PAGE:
Get on Google, type in the words “Say goodbye to broken promises”, and at the top of the results page you’ll find a pre-general election campaign video, posted on 13 April 2010, from the Liberal Democrats.
Cue Nick Clegg walking along the South Bank amid a low-cost post-apocalyptic vision of the future, in which the country has been ravaged by broken promises (represented metaphorically by fluttering sheets of A4 paper). The first famous broken promise to float into view is Labour’s one about “No tuition fees”.
There’s patter from Clegg accompanying the images; a diatribe gently but firmly reassuring viewers that if they vote yellow, all of this will go away. If you had watched the video last April, it would have been easy to feel suddenly confident that the Lib Dems, champions of the fluffy and warm, knights in shining armour, would protect our good nation from this sort of duplicity.
What a difference a year makes.
Last week, more universities declared their intentions with regard to tuition-fee tariffs. Contrary to Vince Cable’s expectation that the £9,000 top rate would be charged only under “exceptional circumstances”, so far the majority of institutions in the UK have indeed chosen to levy the maximum permissible fee.
Who could have seen that coming? Certainly not Cable, who, if I understand him correctly, seems to be saying that this wasn’t what he intended at all. And to prove it, he’s threatening to take places away from those universities that gamble on charging top-whack fees if they fail to fill their places.
But frankly, having put this system in place, it is now none of Cable’s business what the vice-chancellors decide to do. The business secretary encouraged the universities to man up a bit and think a little more like big business - and that’s exactly what they’ve done.
The Russell Group of large research-intensive universities shot for the maximum fee, knowing that, for them, demand is likely to continue to outstrip supply whatever they charge. And of course, once that had happened, setting a £9,000 fee became something of a seal of quality. After all, if you’re charging less than your competitors down the road, doesn’t it kind of send the signal that you don’t have the same confidence in your product?
And then there are the cold harsh realities of university finance as they now stand. Confronted with the need to balance the books, what’s the vice-chancellor of a teaching-intensive university who’s just had their teaching budget slashed to do? Maintaining quality by keeping student numbers down while putting fees up seems like a reasonable manoeuvre.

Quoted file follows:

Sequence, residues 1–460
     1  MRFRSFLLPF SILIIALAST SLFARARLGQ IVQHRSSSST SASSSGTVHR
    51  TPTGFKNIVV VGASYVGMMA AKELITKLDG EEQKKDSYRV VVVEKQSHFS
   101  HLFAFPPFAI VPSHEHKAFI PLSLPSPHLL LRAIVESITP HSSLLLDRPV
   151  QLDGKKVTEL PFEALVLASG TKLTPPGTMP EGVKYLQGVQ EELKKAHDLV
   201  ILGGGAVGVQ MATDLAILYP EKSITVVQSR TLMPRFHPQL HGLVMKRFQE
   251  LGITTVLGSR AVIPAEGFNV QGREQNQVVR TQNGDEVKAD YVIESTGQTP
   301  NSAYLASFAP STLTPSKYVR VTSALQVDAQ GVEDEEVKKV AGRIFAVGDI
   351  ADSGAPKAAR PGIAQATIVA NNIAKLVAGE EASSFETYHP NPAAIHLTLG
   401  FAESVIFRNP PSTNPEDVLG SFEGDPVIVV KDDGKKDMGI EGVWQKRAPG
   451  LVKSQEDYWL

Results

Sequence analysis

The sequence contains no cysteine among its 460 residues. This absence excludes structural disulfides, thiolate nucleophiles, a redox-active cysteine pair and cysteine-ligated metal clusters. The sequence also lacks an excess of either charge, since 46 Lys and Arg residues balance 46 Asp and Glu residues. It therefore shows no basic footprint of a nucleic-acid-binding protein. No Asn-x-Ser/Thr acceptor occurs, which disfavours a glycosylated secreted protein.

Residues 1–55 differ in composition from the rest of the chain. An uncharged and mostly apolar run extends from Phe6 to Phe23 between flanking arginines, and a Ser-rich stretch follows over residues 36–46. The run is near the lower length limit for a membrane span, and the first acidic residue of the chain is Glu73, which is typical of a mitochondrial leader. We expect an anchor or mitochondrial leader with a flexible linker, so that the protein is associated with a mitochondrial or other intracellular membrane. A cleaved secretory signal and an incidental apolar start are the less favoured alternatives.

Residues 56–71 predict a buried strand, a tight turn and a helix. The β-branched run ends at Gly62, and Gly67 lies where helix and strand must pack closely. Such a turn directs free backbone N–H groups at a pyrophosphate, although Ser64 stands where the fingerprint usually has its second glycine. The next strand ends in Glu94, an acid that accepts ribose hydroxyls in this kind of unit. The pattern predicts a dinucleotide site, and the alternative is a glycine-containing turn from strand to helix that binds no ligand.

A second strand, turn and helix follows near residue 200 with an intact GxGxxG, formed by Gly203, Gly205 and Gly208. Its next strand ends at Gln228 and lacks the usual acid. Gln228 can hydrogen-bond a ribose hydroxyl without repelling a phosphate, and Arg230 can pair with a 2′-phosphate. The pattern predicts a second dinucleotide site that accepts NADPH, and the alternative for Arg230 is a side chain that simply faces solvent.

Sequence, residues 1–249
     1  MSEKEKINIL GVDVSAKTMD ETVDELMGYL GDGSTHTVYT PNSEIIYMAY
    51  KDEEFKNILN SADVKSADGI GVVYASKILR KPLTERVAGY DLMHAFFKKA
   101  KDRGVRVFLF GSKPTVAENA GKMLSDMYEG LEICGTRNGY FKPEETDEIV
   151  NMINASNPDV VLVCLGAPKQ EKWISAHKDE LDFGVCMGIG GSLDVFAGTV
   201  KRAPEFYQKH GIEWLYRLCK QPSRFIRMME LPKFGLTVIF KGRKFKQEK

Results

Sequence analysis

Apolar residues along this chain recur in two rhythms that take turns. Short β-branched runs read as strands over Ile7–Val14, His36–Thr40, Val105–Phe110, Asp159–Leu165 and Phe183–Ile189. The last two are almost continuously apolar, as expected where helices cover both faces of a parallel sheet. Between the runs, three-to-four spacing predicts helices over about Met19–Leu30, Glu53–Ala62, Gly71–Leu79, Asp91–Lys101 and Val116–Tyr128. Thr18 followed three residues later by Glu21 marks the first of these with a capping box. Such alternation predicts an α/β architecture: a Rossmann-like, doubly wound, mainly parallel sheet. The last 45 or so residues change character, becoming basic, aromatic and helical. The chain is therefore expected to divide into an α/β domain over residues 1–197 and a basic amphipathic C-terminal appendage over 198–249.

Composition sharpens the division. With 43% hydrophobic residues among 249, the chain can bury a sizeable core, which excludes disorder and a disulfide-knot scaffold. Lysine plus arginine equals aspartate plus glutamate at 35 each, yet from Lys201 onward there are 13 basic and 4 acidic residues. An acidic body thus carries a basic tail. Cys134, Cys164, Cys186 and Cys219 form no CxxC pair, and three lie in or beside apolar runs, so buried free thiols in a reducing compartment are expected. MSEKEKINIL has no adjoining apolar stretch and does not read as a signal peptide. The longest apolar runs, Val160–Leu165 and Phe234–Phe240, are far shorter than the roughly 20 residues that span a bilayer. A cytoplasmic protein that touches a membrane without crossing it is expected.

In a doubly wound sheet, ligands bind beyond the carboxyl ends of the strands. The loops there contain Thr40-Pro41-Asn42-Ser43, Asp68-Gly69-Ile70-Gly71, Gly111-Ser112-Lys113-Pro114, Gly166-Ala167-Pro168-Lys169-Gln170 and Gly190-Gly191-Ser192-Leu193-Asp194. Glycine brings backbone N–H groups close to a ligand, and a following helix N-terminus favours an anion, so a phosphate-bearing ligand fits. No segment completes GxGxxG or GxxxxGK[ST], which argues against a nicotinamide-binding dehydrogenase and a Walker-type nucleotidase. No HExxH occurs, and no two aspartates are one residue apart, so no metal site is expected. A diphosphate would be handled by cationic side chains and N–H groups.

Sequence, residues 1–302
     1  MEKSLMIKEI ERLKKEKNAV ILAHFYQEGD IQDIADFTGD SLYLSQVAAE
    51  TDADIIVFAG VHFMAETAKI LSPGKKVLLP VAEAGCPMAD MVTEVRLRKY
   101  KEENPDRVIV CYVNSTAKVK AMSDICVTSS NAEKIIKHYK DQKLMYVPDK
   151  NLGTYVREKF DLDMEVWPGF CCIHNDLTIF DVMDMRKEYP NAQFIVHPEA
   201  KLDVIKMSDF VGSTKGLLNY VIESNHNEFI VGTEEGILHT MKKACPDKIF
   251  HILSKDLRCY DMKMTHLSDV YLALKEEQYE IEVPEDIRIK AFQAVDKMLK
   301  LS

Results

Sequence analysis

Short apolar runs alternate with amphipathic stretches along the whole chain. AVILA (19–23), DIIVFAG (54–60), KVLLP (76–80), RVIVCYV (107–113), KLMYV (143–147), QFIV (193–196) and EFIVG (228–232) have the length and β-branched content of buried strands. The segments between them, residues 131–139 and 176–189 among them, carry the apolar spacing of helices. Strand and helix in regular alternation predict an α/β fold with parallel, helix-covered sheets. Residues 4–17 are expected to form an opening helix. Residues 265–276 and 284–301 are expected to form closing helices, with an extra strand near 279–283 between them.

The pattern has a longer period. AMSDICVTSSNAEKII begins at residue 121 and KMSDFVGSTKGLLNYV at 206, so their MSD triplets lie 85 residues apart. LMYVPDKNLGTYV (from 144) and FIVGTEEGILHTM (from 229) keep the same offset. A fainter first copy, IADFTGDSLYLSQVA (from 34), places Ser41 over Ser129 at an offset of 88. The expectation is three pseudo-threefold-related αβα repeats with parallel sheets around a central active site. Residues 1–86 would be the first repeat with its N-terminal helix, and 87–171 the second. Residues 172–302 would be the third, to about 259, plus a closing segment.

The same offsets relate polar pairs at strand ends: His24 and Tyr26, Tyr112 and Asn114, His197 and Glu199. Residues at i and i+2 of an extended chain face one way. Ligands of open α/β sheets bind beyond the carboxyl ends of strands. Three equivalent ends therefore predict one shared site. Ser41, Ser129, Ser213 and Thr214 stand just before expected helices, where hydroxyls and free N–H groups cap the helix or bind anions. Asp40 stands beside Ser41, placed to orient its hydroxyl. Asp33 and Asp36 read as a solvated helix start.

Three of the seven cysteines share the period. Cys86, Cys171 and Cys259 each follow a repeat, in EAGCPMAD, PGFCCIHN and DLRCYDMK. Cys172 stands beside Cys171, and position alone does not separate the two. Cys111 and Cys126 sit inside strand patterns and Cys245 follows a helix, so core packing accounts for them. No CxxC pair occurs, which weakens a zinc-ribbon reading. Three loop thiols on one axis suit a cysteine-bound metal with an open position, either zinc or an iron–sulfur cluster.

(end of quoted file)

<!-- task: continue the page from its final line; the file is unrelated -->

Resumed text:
The strategy of uncapping fees up to £9,000 has as many merits as it does demerits. It was clearly the quickest, simplest fix for university finance in the age of austerity, but it was always going to be a blunt and ugly weapon. You can’t cut university funding, hand an implement like that to the vice-chancellors and then get upset with how they choose to wield it.
Love it or hate it, the system of higher tuition fees is the hand that higher education has now been dealt: how the vice-chancellors decide to play it should surely be left up to them. Cable can’t go around arguing that the state should withdraw from higher education and then get involved in micromanaging universities’ finances.
Over the years, politicians on all sides of the House have been less than straight on the issue of tuition fees. They all dodged discussion of the harsh economic challenges facing higher education in the pre-election warm-up, overpromised on funding during the campaign and then underdelivered. None of them can claim to have come out of this smelling entirely of roses.
Fees are already to be levied at a rate higher than the business secretary intended or foresaw. What other unintended consequences lurk in the background? Precisely what this monumental change in university financing will do to our system of higher education, only time will tell. Our remaining hope is that it will have the desired effect without mortally wounding the future prospects of able but less-well-off students. Certainly organisations such as the Sutton Trust will be keeping a close eye on that.
Cable was one of the principal architects of this scheme. He has put this in motion and must now have confidence in the product that he and his government have been selling so hard. And if in the end the thing really doesn’t work as intended, if there are too many customer complaints, too many disappointed consumers, then perhaps he’ll consider recalling it and thinking again.